Chip Scoggins
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Kyle Rudolph has made it clear that he won’t accept a pay cut from the Vikings. That doesn’t make him greedy, or disloyal, or a selfish teammate.

It simply means he’s looking out for himself in a ruthless business that offers little in the way of security.

Rudolph signed a contract to do a job that comes with dangerous risks to his brain and body in a profession that treats someone age 30 as a senior citizen. Rudolph has been a productive tight end and an exemplary ambassador for the organization in the community.

Why would he agree to take a dime less than what his contract stipulates?

Yet one doesn’t have to look hard to find fans and commenters who believe Rudolph is being either stubborn or insubordinate for not accepting a reduction in his $7.625 million salary because the Vikings have run out of cap space. That’s not his fault.

Rudolph told the Star Tribune’s Sid Hartman last week that “no way” would he take a discounted deal.

“I am too young for that,” he said.

Profootballtalk.com subsequently reported that the Vikings have offered Rudolph a five-year extension that would give him an average salary ranking among the highest-paid tight ends, while also lowering his cap number. The website said the team has not asked for a pay cut.

The fact that negotiations have spilled into public view might reflect frustration that they haven’t reached an agreement. Someone will eventually concede, which could happen any day with organized team activities (OTAs) starting this week. The Vikings desperately need to free up cap space.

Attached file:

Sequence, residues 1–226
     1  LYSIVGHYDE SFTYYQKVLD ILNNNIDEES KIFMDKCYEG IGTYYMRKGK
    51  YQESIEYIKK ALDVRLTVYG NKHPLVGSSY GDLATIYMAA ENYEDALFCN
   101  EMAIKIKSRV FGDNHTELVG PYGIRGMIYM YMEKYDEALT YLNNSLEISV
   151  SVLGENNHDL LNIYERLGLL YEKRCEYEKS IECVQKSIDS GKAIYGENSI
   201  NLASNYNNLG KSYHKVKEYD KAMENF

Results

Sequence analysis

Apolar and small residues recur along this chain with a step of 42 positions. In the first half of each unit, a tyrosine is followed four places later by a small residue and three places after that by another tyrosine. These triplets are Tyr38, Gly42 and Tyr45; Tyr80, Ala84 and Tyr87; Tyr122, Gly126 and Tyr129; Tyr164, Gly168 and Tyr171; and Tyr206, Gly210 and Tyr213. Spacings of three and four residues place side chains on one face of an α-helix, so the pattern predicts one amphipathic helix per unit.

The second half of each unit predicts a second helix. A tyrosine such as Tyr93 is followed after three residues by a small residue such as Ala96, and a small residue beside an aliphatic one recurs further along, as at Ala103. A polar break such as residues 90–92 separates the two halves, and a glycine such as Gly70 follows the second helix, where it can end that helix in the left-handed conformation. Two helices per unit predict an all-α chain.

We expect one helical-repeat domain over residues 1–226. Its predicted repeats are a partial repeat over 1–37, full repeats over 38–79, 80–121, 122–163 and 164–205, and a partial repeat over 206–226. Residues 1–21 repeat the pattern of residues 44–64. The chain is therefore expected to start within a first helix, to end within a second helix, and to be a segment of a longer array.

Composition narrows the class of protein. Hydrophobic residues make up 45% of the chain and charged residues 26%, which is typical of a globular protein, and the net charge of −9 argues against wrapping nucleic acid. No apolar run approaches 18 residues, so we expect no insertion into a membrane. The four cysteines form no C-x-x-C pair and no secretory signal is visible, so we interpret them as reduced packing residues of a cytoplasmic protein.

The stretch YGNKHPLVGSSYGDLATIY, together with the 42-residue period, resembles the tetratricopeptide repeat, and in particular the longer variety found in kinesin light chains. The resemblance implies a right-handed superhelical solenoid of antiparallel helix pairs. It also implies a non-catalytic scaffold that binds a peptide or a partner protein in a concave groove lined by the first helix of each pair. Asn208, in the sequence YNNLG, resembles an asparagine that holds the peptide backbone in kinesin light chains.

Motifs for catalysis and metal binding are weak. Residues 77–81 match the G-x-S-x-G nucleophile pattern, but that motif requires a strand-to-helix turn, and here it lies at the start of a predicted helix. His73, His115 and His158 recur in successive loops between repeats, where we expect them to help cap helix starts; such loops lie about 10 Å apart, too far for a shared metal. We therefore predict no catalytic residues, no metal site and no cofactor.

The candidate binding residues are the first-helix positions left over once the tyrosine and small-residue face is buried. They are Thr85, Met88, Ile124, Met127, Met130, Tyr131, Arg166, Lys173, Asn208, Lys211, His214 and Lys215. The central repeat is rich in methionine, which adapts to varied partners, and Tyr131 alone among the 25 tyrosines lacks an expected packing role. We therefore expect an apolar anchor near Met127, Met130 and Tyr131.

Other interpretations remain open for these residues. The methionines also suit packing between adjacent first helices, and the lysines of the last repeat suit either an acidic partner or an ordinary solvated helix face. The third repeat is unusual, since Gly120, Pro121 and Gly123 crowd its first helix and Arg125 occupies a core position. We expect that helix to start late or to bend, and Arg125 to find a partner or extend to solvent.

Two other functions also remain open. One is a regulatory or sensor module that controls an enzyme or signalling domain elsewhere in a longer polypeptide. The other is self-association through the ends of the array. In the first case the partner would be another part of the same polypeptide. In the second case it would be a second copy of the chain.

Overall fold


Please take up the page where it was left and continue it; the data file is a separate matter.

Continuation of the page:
The team has every right to trade or cut Rudolph if he doesn’t waiver in his position. But Rudolph also has every right to say no to a pay cut — if the Vikings ask.

It always amazes me when fans side with billionaire owners in these situations that involve a veteran and whether he should take a pay cut. NFL contracts are largely meaningless outside of guaranteed money. Terms and base salaries offer little security because teams can get rid of players at any time. Or squeeze them until they accept a pay cut, knowing leverage is usually a one-way street.

Players of a certain age become desperate to stay in the league and worry about finding another job or starting over in a new place with no guarantees, so they concede and take a pay cut.

Vikings executive Rob Brzezinski is a magician in managing the salary cap, but part of that magic is getting veterans to accept pay cuts. Players who have taken pay reductions in recent years: Everson Griffen, Chad Greenway, Brian Robison and Kevin Williams.

Rudolph’s situation is different. He turns 30 in November so he’s not in the twilight of his career. And the Vikings don’t have a proven replacement behind him.

The team drafted Alabama tight end Irv Smith Jr. in the second round last month, which many presumed would hasten Rudolph’s departure if the two sides can’t find common ground on reducing his cap number.

Two counterpoints: The Vikings should want to see Smith play in an NFL game before assuming he can handle the job from Day 1. And a combination of Rudolph and Smith on the field together in Gary Kubiak’s scheme could be fruitful.

The Vikings finished 19th in the NFL in scoring last season, well behind the top three scoring offenses — Chiefs, Rams and Saints. It’s no secret that in order for the Vikings to return to the playoffs and be considered a serious contender, their offense has to become more productive.

Does cutting Rudolph to save cap space make the offense better? No. The objective should be to add receiving options for Kirk Cousins, not reduce them.

The Vikings have known all along that signing their core group of veterans to big deals in recent years would create serious challenges. This is one of those situations.

Compromise is needed to solve the stalemate, by Rudolph and the team. A short-term extension with guaranteed money still seems like the best outcome for both sides.

Sure, an outright pay cut would be an easier solution, but nobody should fault Rudolph — or any player — for trying to protect his own interests in a cutthroat business.

Chip Scoggins chip.scoggins@startribune.com